Now I was sorry I ever wanted to kill her. Suddenly, I wanted to lean over and kiss her. The first positive sign since we’d arrived in the state.

“That would be terrific,” I told her as I jotted my number on a pad.

I gave the kids my little “good news, bad news” spiel upon returning to the car. By now, though, nothing could faze them. They simply nodded, their eyes blank and tired. We decided to kill time by having a nice sit-down lunch and making a stop at Le Target Boutique for a few provisions. And so we were off again.

“Well, look at it this way,” I said as we haltingly made our way down the street. “At least no one knows who we are here. Not a single soul here wants to give us a hug, and absolutely no one wants to tell us how sorry they are for our loss.”

Suddenly, a collective sigh of relief.

Then, in unison from both kids: “No kidding!”

“If I had to get a hug from one more person, I was going to go ballistic,” I said.

Sydney started to laugh. “Oh, my god! Me, too.”

“I mean, I appreciated people’s love and concern…a lot!”

“Yeah,” agreed Sydney.

“It gets to be too much,” Zach chimed in.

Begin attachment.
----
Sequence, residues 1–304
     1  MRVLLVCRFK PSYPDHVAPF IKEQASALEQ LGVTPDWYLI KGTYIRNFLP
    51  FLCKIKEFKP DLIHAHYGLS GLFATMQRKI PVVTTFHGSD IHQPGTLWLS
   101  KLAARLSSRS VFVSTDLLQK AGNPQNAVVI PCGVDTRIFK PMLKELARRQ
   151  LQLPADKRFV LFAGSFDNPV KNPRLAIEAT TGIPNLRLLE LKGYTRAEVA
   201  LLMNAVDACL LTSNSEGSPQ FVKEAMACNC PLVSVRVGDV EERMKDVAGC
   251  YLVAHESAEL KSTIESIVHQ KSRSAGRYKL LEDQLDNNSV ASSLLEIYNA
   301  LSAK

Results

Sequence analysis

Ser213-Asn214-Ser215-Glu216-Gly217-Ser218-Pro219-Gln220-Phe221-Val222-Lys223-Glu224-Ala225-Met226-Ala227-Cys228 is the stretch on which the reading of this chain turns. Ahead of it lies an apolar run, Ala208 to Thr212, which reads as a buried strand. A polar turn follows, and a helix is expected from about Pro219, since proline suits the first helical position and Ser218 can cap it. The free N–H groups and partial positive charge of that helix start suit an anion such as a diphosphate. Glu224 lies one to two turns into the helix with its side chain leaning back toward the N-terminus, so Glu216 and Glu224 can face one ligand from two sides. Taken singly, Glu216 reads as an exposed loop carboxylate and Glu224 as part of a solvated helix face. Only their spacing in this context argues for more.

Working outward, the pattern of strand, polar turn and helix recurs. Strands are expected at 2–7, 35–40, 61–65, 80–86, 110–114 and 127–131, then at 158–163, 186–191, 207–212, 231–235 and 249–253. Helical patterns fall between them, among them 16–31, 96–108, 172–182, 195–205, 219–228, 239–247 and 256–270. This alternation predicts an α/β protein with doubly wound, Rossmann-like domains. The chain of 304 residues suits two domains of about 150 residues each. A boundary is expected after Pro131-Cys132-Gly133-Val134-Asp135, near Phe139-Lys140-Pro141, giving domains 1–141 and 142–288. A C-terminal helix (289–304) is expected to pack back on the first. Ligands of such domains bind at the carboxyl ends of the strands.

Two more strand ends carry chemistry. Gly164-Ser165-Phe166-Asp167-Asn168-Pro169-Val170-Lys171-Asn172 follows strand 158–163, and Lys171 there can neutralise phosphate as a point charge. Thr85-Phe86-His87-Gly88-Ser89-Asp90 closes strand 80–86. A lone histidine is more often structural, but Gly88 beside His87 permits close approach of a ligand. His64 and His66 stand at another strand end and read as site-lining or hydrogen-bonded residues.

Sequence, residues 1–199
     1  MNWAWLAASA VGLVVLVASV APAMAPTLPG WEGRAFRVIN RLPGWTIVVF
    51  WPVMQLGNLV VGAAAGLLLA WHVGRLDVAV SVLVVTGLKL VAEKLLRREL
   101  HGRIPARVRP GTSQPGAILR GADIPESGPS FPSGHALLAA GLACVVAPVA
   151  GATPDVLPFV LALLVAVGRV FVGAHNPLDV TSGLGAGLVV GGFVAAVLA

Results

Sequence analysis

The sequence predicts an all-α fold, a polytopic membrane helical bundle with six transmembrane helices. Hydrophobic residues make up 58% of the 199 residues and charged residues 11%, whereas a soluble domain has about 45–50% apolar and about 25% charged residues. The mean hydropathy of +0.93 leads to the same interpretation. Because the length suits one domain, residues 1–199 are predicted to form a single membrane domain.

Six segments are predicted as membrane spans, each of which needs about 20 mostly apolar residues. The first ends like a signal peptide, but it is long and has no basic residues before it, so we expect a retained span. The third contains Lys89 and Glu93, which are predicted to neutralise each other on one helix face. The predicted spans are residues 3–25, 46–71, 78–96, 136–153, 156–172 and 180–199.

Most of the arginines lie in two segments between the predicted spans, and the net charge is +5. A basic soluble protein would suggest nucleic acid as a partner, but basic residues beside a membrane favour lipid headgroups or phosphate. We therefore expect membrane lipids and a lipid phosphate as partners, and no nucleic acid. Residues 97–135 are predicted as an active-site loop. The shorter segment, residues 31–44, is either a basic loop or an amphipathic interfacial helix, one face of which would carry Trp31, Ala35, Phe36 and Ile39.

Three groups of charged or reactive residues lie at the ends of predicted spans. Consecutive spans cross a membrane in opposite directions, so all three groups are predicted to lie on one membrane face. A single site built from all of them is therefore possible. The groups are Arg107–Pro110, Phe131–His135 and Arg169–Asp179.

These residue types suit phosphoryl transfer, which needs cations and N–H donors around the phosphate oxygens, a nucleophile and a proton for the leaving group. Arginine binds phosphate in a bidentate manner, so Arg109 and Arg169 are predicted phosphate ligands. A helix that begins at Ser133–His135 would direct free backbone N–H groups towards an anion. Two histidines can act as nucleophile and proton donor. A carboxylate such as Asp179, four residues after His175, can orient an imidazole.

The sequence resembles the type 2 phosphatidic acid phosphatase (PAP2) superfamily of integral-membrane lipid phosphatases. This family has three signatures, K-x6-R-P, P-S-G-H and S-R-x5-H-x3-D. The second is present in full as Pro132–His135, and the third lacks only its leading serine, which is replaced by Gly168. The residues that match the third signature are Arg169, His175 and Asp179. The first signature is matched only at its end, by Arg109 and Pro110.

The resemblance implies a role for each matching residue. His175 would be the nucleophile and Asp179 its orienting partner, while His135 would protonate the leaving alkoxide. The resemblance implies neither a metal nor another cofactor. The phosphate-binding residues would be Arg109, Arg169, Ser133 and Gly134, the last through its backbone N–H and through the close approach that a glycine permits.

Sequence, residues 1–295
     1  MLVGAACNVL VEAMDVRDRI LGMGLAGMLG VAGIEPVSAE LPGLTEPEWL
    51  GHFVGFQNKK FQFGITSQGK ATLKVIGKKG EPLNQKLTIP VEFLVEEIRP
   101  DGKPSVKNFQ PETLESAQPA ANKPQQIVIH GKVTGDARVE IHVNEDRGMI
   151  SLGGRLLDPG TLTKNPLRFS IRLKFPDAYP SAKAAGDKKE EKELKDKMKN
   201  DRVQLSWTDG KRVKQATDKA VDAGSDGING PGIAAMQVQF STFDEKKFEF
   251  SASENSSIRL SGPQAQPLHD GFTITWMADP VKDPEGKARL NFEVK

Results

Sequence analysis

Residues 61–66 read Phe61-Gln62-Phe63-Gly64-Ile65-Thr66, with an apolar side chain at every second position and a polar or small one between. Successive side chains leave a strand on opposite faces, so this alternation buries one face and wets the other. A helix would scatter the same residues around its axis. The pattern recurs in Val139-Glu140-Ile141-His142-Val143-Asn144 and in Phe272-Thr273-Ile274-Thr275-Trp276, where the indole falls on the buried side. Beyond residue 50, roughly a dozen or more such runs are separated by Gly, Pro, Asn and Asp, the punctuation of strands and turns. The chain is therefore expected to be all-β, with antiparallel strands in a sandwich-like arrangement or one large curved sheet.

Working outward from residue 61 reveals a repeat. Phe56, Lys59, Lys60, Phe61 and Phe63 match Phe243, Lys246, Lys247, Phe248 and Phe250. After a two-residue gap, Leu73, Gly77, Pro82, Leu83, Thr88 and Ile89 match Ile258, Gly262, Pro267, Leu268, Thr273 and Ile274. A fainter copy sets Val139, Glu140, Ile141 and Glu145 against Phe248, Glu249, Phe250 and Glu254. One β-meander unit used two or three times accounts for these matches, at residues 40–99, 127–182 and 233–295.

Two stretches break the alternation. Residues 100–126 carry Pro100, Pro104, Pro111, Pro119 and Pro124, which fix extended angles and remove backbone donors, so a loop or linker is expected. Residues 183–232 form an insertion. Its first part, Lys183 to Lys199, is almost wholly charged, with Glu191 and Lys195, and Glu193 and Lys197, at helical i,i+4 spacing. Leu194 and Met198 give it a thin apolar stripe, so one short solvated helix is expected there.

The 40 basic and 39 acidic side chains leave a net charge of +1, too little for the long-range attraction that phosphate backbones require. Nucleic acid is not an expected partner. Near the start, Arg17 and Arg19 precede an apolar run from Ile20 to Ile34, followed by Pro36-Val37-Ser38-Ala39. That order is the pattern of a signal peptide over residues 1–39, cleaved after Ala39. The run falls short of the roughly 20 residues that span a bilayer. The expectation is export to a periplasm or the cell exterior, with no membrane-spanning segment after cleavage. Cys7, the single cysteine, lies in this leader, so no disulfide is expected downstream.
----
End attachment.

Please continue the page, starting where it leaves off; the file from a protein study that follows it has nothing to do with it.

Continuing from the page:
“Yeah,” Sydney agreed again.

And then, all of a sudden, it dawned on me. I looked in the rearview mirror, making eye contact with Zach.

“It’s like we were in the ZOMBIES!!! game.”

He thought about it for a second or two. Then he smiled wide. He got the joke.

“Oh, my gosh! Yeah. Except instead of trying to get to the helicopter pad, we were trying to get to the airport!”

“Yeah! But surrounding us, blocking our way to the plane..!”

“FUNERAL ZOMBIES!” Zach cried.

I extended my arms our in front of me, steering with my elbows. My eyes went dead. I summoned my best zombie voice.


The kids laughed. Real laughter. Finally.

Sydney stretched out her arms and chimed in, “Sympatheeeeeeeeeeeeeeee..!”

And we all busted a gut. That is until I almost got us in a wreck with some grandpa in a Town Car. The spirit in the car, however, would not be dampened. We laughed all the way to Red Lobster.

I didn’t catch the call from the girl at the resort, but we decided to beat it back there around three o’clock just in case our room was ready.

When we arrived back at the place, and were pleasantly surprised. The place didn’t look half bad. The good vibe from the car ride and the lunch continued. And when we returned to the office, it was all “I just called you, Mr. True! Glad you got the message.”